3 hours ago
  • Week That Was: Historic action on climate change
    "Today we have made a choice that will leave a legacy... I hope that means that future generations will see that we, in New Zealand, were on the right side of history." - Jacinda Ardern, Third Reading of the Zero Carbon Bill ...
    5 days ago
  • Tax-free deployments for Kiwi troops
    Darroch Ball, New Zealand First List MP A Member’s bill has been proposed that would provide income tax exemptions for all New Zealand Defence Force (NZDF) personnel while on operational deployment overseas. The Income Tax (Exemption for Salary or Wages of NZDF Members on Active Deployment) Amendment Bill proposed by New Zealand First ...
    5 days ago
  • A balanced Zero Carbon Bill passed
    Rt Hon Winston Peters, New Zealand First Leader New Zealand First is proud to have brought common sense to the Climate Change Response (Zero Carbon) Amendment Bill, which passed its final reading in Parliament today. Party Leader Rt Hon Winston Peters says months of hard work went into negotiating a balanced ...
    6 days ago
  • Paramedics’ status to be recognised
    Jenny Marcroft MP, Spokesperson for Health New Zealand First has listened to calls to recognise paramedics as registered health professionals under the Health Practitioners’ Competence Assurance Act (the Act). Today, the Coalition Government announced plans for paramedics to be registered as health practitioners under the Act, and the establishment of a ...
    1 week ago
  • Week That Was: 2,000 teachers in two years
    We began the week by commemorating the New Zealand Wars and celebrating a major increase in the number of teachers. Then, we were busy supporting offenders into work and getting our rail back on track after years of underinvestment. And that's just the start! ...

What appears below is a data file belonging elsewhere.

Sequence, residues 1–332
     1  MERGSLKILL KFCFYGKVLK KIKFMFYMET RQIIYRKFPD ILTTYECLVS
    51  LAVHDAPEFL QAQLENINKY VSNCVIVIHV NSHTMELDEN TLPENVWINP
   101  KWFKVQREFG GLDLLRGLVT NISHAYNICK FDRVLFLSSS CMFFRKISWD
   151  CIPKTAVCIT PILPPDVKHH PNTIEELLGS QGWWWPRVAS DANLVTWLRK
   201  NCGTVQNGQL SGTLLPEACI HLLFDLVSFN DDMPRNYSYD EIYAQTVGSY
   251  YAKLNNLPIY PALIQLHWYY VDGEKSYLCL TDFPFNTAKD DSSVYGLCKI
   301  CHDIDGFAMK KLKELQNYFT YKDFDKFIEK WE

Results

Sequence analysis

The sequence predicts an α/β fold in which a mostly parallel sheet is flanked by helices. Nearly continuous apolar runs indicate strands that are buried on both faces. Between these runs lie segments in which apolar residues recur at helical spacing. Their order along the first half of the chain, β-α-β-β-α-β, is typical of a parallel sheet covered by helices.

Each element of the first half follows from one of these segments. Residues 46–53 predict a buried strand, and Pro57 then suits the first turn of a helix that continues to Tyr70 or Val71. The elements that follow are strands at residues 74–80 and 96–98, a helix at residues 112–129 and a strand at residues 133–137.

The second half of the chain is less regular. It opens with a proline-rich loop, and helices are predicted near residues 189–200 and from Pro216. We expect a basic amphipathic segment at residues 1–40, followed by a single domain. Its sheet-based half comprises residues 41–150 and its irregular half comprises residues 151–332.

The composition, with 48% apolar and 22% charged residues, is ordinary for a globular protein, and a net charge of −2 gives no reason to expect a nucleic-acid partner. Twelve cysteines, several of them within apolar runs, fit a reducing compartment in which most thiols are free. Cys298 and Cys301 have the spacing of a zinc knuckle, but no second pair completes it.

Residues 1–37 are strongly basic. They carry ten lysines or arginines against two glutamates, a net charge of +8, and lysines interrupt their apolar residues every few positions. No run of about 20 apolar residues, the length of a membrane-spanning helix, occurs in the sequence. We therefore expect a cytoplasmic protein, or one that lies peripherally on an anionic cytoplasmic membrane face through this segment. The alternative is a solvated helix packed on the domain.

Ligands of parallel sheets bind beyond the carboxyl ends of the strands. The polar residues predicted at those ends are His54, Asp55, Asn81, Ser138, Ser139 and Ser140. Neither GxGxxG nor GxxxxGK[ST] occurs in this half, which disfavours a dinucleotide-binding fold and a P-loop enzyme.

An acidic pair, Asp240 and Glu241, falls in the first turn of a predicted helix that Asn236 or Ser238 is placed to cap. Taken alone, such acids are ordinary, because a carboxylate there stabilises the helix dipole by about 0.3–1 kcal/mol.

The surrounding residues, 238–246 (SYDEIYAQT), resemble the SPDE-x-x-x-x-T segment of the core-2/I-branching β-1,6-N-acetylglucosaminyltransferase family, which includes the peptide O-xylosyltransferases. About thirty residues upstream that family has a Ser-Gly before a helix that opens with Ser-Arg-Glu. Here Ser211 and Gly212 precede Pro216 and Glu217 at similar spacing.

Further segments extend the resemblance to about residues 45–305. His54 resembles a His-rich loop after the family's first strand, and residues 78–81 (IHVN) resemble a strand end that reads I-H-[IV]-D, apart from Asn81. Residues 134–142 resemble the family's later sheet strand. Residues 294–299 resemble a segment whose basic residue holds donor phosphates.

2 weeks ago
  • Winning an election one conversation at a time
    In October I was sworn in as the Mayor of Lower Hutt. It’s the privilege of my life to serve Hutt people as their Mayor. There is something really special to be able to serve the community where I was raised, and where I live.   ...
    2 weeks ago
  • Closer cooperation with Korean horse racing industry
    Rt Hon Winston Peters, Deputy Prime Minister, Minister for Racing Racing Minister Winston Peters met with Korea Racing Authority Chairperson Nak Soon Kim in Seoul today to discuss closer cooperation between the New Zealand and Korean horse racing industries. As part of the visit to the Seoul Racecourse, Mr Peters witnessed ...
    2 weeks ago
  • Otago to lead digital creativity
    Hon Shane Jones, Minister for Regional Economic Development The Provincial Growth Fund (PGF) is investing $10 million to establish Otago as the centre of New Zealand’s creative digital industry over the next ten years, Regional Development Minister Shane Jones announced today. “The initiative will bring us closer to the vision of ...
    2 weeks ago
  • Young Otago students encouraged to take on forestry careers
    Hon Shane Jones, Minister for Regional Economic Development The Provincial Growth Fund (PGF)’s skills and employment programme will help young Otago people into long-term forestry careers, Regional Economic Development Minister Shane Jones announced today. Te Ara Mahi will invest $63,000 in the 2020 school year to support eight 17 and 18 ...
    2 weeks ago
  • PGF backing Dunedin’s waterfront ambitions